Thanksgiving is over, but I find myself in a state of gratitude for both small and large mercies. Last summer I received a call from the Veterans Administration Insurance Department. The caller told me that my father had taken out a small veteran’s life insurance policy when I was a year old, naming me as beneficiary. Since I knew nothing about this, I did not contact them when my father died in 1986. But this faithful bureaucrat was trying to close the case. I do know that the funeral home did contact the VA because we received a veteran’s certificate or some such.
My family members were sure this was a scam. But, no one was asking for any money from me. The woman said she would send a letter outlining what I would need to do. I looked up the phone number for the department, not the number the woman gave me, and called. Sure enough a gentleman assured me that the claim was real.
I no longer had death certificates for my parents. I had to order them from an office in Pennsylvania. This process was neither quick nor cheap. Eventually I received them and sent them on.
I heard nothing. I called and was told that my father had taken a loan against the policy in the early seventies and so, they had to refigure the actual amount that I would receive. My hopes dropped. Each month I checked back, only to be told that one person had looked at the file that month, but no calculations were finalized and that I should keep checking.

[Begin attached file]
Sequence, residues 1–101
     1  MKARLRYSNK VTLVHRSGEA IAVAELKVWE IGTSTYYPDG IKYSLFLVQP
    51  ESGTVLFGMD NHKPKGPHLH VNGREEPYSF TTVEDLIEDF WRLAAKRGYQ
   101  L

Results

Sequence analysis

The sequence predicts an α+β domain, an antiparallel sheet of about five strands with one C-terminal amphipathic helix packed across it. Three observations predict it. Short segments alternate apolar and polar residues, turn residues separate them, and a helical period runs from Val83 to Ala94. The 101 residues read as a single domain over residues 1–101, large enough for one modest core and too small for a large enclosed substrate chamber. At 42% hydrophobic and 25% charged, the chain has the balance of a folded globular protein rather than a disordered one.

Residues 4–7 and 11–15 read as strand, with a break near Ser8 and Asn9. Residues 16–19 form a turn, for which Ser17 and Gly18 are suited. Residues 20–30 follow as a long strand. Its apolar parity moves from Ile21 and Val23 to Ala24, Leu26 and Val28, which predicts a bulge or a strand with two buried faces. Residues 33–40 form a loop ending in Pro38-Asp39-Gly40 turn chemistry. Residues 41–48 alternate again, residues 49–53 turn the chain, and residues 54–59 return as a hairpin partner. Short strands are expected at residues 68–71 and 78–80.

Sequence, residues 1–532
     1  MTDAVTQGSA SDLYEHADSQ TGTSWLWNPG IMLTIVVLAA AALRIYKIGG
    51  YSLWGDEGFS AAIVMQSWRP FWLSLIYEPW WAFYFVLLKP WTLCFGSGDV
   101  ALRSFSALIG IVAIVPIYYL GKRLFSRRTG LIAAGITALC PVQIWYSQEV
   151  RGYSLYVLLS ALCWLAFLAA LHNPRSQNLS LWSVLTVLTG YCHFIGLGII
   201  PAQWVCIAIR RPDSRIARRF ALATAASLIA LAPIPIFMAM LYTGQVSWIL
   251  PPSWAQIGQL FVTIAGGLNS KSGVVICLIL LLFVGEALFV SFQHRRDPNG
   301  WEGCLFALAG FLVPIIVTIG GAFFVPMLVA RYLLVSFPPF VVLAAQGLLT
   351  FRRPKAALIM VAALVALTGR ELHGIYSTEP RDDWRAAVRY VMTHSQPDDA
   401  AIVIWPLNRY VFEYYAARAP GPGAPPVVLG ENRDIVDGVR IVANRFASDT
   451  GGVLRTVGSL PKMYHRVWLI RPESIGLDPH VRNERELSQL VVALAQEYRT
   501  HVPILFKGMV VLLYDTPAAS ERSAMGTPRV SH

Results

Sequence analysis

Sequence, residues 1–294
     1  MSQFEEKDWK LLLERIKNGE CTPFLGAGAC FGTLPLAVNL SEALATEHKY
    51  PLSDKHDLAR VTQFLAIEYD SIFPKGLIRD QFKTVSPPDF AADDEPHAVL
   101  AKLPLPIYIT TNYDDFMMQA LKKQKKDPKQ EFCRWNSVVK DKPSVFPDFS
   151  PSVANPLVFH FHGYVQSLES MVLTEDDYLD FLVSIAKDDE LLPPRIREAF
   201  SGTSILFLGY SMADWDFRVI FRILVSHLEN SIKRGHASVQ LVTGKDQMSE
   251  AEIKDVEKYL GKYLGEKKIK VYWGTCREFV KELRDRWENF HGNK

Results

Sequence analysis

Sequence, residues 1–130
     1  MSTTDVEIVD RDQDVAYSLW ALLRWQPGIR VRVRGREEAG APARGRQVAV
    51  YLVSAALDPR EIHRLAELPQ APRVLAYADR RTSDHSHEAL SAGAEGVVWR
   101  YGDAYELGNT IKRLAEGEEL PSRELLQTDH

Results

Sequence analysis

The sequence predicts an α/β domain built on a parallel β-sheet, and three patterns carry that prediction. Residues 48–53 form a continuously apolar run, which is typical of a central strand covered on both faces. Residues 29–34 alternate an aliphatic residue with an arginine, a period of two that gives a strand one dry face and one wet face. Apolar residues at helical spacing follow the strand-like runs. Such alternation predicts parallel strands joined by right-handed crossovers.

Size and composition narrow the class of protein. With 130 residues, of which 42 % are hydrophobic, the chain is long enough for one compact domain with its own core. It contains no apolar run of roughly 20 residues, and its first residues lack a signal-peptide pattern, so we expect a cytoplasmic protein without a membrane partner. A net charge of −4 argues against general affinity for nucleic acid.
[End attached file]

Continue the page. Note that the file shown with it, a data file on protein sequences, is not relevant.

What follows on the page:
By now, I did not expect to see any insurance money, but I was touched that my father had set up the policy for me, his first child.
The agency required me to give a bank account number for direct deposit. This seemed a little sketchy, but they explained that checks could be lost in the mail and in today’s world this was a better alternative. I gave them an account number for an account where we keep very little money, just in case. Then shortly after 2020 arrived, what to my wondering eyes did appear but a bank deposit from the Veterans Insurance Department. It was not a huge amount, but a great windfall to us.
On the day I saw the deposit, I couldn’t help but be thankful for all of the other blessings in my life—our family, my health, our home, my friends, my church family, my publishers who have allowed me to grow a writing career, a James River Stable in Prince George which allows me to teach riding lessons and the ability to daily enjoy these blessings. Happy 2020.